There have been many other studies that have been conducted in order to assess the knowledge of sexually transmitted diseases amongst the different sexes. Our finding indicates that females are much more aware and knowledgeable about the sexually transmitted diseases than males. This differs with the study titled ‘Knowledge, attitudes and behaviour towards sexually transmitted diseases in Turkish Cypriot adolescents’ (Kaptanoğlu, 2016). Their study revealed that girls are not as knowledgeable as boys. This difference can perhaps differ because of the age groups that the survey was focused on. Their study was based on high school students’ sources of information and knowledge of the STDs issue. It can therefore be concluded that age plays a huge role in the knowledge of sexually transmitted diseases. It is evident that the older females (varsity students) are more sexually promiscuous and more knowledgeable and exposed to STDs. Different countries might also differ in exposure and knowledge as the other study was conducted in Turkey. On the other hand our study coincides with the study conducted (Pereira and Carmo, 2016). This was where females showed a higher prevalence in contracting sexually transmitted diseases, they had a 4% difference. Their study was conducted based on university students. It can be said that the general overview is mostly similar among the same age groups and the genders.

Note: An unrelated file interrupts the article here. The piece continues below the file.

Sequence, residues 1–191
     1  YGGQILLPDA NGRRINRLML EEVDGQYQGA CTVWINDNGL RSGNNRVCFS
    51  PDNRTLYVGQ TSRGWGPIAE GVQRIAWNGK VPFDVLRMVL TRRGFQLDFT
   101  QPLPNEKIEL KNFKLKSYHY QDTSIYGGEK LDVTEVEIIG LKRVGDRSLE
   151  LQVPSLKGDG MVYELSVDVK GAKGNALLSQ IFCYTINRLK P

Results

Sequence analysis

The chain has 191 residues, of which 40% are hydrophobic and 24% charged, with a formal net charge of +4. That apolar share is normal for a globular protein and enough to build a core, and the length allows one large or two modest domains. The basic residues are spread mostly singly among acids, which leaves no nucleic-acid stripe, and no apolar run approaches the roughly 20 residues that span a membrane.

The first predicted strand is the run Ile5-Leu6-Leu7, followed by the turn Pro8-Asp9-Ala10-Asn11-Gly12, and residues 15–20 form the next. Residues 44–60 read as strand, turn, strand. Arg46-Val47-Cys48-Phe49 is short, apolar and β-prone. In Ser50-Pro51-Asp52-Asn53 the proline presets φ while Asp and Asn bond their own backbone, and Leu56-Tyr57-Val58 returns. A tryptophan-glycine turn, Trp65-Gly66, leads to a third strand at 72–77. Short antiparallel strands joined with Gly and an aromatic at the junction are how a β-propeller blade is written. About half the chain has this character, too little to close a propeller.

The results indicates who is more educated and knowledgeable about sexually transmitted diseases between men and women and they also provide light on who needs attention between this two genders. The women have a higher percentage of being knowledgeable and educated about STDs, in that they might have been more exposed to STDs and have acquired the knowledge from their health care facilities. Provided that young adults are the ones responsible for the increase in STDs transmission, we can find out why and address these issues. The results also indicates that there are still men who need to be educated about the STDs, how to use a condoms and the importance of telling their partners when they get any STD and to advice their partners to also get tested. Real life application of the data collected can be used by the government in association with health workers and non-government organizations (NGOs) as insight of means to better improve campaigns and structures to inform tertiary students about sexually transmitted diseases and use the different data to produce local standard cut off points that can be compared nationally and internationally with other tertiary institutions. This information can be used to keep progress of the campaigns and structure placed to determine whether the sexual health of the individuals in tertiary institutions is improving or decreasing.